I really wanted to like this book, for two reasons;
- It’s 563 pages long
- It’s a compulsory text for my Modern American Lit course
There have been a few times in my life where I have hated a book and unfortunately this has been one of those times.
The book is about a young woman named Pip who has accumulated $130,000 of student debt. She is invited to work for Andreas Wolf at The Sunlight Project (it’s basically the same as Wikileaks) with the promise that if she works for him, he will help her find her father. Pip wants to meet her father primarily for the purpose of demanding money from him. The story is told from the perspective of different characters and most of them are less-than desirable to say the least.
Trigger Warning: This book is yuck (violence, rape, abusive relationships, lots of uncomfortable sex-stuff). Please don’t read this if you’re going to be offended.
EVERYONE knows how much I loathed reading this book. My mum knows, my boyfriend knows, my friends know, and I’m sure my professor will know once he reads the essay I wrote about it.
Normally I would think that it is good to read things you wouldn’t normally read in order to understand things you wouldn’t normally understand – or even think about. Broaden your horizons, gain life-experience through reading, that kind of thing – you know? In the case of Purity, though, I simply felt like I needed to take a shower after each reading session. I definitely don’t feel like a better person for reading it, that’s for sure.
I was discussing Purity with a friend at uni and the woman sitting next to us got up and moved away from us!
So, just for you, I’m going to count-down the top five things that I can’t stand about this book.
5. References to Great Expectations
Sometimes it’s cool when a book makes a literary allusion to another book. There is also a reason why this is called a ‘literary allusion’ — allusions, by definition, are meant to be subtle, they are a way of mentioning something without explicitly saying it.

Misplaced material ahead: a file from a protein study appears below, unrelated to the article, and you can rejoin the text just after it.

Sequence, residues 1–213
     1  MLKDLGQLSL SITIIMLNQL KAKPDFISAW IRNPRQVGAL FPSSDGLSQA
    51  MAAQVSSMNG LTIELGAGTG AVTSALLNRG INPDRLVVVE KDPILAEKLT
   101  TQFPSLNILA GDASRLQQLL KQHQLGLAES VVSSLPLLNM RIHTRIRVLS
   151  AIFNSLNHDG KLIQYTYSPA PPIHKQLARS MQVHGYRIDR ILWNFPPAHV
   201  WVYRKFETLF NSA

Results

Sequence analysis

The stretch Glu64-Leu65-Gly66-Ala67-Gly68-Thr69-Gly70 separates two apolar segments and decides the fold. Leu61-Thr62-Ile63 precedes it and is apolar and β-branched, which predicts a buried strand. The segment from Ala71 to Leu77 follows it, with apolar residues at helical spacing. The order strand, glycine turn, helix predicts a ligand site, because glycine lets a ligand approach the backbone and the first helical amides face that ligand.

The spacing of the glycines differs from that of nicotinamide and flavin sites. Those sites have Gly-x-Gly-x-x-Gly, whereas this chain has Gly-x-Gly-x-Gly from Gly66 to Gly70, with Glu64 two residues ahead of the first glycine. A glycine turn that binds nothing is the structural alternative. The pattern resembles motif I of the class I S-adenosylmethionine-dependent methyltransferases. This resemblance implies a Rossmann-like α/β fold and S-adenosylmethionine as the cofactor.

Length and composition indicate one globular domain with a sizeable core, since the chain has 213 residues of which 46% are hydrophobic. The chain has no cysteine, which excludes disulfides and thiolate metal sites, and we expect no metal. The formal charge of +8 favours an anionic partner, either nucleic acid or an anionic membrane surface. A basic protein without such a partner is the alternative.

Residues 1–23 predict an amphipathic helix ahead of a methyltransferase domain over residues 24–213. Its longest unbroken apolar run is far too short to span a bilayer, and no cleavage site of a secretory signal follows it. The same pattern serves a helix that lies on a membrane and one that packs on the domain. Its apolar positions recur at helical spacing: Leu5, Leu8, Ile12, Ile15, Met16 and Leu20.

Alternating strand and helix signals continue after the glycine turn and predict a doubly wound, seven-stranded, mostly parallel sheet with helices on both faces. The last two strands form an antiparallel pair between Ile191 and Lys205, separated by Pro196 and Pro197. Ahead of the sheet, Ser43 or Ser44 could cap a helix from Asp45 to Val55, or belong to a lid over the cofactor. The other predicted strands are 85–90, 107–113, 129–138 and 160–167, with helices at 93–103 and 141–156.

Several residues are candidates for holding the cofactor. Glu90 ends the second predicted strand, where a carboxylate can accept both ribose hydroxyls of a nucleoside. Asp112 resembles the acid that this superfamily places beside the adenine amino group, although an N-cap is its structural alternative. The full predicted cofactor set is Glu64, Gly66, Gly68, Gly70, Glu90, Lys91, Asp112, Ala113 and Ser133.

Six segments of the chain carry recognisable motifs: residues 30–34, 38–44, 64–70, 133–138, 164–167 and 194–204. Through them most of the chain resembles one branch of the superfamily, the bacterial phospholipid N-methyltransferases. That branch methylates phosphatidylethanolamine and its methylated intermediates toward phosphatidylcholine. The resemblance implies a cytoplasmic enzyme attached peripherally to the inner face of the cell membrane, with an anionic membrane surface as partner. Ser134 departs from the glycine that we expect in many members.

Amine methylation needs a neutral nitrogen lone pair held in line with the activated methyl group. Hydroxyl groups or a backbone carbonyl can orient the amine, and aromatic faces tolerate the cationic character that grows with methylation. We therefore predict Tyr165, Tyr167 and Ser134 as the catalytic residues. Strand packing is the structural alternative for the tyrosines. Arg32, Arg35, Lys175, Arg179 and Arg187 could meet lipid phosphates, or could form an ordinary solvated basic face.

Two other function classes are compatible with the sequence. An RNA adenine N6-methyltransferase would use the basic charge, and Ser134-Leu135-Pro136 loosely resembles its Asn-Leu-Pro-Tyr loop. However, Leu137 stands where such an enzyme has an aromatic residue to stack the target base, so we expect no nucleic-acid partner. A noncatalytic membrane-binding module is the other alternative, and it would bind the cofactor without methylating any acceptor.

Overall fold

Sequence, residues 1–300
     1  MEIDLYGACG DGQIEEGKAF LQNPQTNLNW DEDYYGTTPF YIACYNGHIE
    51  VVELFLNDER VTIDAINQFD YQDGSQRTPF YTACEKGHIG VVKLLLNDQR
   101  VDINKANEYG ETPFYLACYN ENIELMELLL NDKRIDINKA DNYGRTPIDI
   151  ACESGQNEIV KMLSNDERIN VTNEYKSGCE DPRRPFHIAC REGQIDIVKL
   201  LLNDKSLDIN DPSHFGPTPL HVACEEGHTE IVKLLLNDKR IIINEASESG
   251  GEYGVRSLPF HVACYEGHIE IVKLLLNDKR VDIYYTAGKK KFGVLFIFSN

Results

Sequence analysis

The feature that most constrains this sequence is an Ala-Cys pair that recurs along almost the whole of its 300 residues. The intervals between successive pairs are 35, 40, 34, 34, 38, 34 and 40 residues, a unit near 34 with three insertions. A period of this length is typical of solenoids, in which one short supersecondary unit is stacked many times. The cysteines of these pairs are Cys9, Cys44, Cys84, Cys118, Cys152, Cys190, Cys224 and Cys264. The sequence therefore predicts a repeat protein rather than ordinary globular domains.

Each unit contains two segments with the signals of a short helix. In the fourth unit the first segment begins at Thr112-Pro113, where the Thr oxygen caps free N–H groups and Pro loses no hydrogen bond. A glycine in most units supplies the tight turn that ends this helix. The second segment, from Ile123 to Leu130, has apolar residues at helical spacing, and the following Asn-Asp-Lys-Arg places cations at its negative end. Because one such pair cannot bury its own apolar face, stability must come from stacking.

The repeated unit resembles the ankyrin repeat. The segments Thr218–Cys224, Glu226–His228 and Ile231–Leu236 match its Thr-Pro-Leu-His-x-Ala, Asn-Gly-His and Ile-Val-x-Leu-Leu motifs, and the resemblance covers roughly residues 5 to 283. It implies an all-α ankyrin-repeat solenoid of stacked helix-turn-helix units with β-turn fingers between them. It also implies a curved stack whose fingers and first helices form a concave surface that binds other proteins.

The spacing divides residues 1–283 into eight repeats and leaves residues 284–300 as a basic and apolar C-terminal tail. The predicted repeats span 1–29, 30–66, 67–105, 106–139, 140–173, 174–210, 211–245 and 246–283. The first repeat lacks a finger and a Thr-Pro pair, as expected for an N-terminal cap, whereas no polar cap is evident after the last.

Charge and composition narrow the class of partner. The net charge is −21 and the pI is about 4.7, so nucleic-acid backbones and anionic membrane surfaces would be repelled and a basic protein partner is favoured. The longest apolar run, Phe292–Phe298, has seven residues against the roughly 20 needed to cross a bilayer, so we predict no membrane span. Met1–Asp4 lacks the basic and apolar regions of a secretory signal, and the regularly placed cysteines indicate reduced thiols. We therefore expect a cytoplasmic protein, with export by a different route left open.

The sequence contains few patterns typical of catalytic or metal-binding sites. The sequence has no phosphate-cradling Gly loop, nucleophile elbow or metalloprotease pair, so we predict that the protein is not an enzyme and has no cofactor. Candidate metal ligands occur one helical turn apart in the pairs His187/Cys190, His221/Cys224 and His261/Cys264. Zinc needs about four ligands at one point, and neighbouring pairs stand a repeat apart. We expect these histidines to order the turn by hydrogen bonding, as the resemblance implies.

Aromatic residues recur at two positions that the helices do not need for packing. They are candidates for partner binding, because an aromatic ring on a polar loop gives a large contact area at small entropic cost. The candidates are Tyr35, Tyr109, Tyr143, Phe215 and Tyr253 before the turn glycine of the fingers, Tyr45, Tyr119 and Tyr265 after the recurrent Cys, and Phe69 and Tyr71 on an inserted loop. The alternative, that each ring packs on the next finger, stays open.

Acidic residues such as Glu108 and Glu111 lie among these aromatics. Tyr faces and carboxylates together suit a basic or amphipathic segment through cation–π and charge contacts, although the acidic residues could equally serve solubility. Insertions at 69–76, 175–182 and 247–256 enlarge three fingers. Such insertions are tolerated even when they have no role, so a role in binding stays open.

Franzen seems to enjoy smacking readers in the face with his blatant references to Great Expectations.
The main character’s name is Pip, her mother Anabel is very Miss Havisham-esque, other characters reference Great Expectations jokingly to Pip, and Pip even says to Anabel, ‘as long as you’re alive, it’s just going to be great expectations for me’.
To me this came across as pretty shonky writing. Every time I was blasted with a reference, I rolled my eyes.
4. Things only got interesting around the 400-page mark
Yeah, that’s right. The book only started getting mildly intriguing after slogging through 400 pages of painful back-story. The majority of the book feels like a series of (very well fleshed-out) character-sketches.
The last 163 pages helped to remedy the book, softening my opinion a little when the stories started tying together and there was a bit more action. BUT, the ending still wasn’t particularly compelling and I wish I could have spent my time re-reading the seventh Harry Potter book instead (which is about the same size as this mammoth).
Yes, characterisation and back-story are really important. However, Mr Franzen may find that most readers do not wish to sift through pages and pages of Andreas Wolf masturbating… *covers eyes*
Size isn’t all that matters, Mr Franzen, especially when it comes to books…
3. Franzen’s in-text references to… Franzen?
CRINGE. Seriously?! The author actually REFERENCES HIMSELF:
“So many Jonathans. A Plague of literary Jonathans. If you read only the New York Times Book Review, you’d think it was the most common male name in America. Synonymous with talent, greatness. Ambition, vitality.”
Someone help me, I died laughing when I re-read that. I don’t know if he’s just very satirical and ironic, or if he’s just self-absorbed.
2. The way men are portrayed
Hey, guys. Are you aware that you are a PREDATOR?
Did you know that it is totally fine for you to have VIOLENT URGES and to express these through;
- thinking about smashing your partner’s head in with a rock (during sex),